There are many things that work well in the WaterSluice methodology. The WaterSluice methodology recognizes that people make mistakes and no decision can be absolute. The teams are not locked into a requirement or an architecture decision that turns out to be wrong or no longer appropriate. The methodology forces explicit freeze dates. This allows for the product to be built and shipped. It forces accountability by having decision points where, for the most part, things need to be completed. The first stage is iterative allowing for the correction of mistakes. Even after a portion of the system goes under change-order control, a decision can be changed if it is absolutely necessary.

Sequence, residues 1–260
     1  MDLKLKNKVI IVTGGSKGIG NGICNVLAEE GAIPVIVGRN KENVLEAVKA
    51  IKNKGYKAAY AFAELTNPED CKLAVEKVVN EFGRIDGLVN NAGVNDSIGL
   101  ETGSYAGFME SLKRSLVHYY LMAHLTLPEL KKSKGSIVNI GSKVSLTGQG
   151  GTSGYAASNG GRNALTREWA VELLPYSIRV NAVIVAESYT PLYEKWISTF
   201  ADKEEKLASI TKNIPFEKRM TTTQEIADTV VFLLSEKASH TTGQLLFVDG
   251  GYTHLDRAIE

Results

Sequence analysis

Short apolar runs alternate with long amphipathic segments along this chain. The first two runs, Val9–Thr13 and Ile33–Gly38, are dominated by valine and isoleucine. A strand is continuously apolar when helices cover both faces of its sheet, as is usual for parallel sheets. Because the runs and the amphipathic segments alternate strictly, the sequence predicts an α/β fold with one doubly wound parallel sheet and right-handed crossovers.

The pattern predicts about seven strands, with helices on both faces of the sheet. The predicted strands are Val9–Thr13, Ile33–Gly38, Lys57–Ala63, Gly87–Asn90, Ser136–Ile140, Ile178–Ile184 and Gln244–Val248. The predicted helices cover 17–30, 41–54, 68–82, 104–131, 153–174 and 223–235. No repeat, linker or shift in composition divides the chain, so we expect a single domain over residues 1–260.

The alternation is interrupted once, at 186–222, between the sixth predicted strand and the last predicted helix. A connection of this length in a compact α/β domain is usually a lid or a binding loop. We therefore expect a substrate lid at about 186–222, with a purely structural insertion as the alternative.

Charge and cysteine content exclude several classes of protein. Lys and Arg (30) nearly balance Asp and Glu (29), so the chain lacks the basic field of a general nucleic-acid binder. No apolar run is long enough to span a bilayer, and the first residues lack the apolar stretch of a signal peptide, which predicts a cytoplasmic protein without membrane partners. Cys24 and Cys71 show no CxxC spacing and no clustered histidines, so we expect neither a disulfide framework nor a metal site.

The WaterSluice methodology forces the teams to think but does not require the teams to be clairvoyant. Sufficient time is allowed for the first stage to establish the confidence level needed for success. Communication is emphasized.
The WaterSluice methodology allows for fast interaction, up front, between all phases of analysis, design, implementation, and testing. This feeds critical information between all four phases. The implementation team doesn't waste time working on throw-away code because requirements are validated early in the process for feasibility of implementation.
The WaterSluice methodology can respond to market changes more quickly due to the iterative nature in each stage allowing requirements to enter and exit at each stage. The WaterSluice methodology tries to move all mistakes to the beginning of the process, where a restart is not very costly.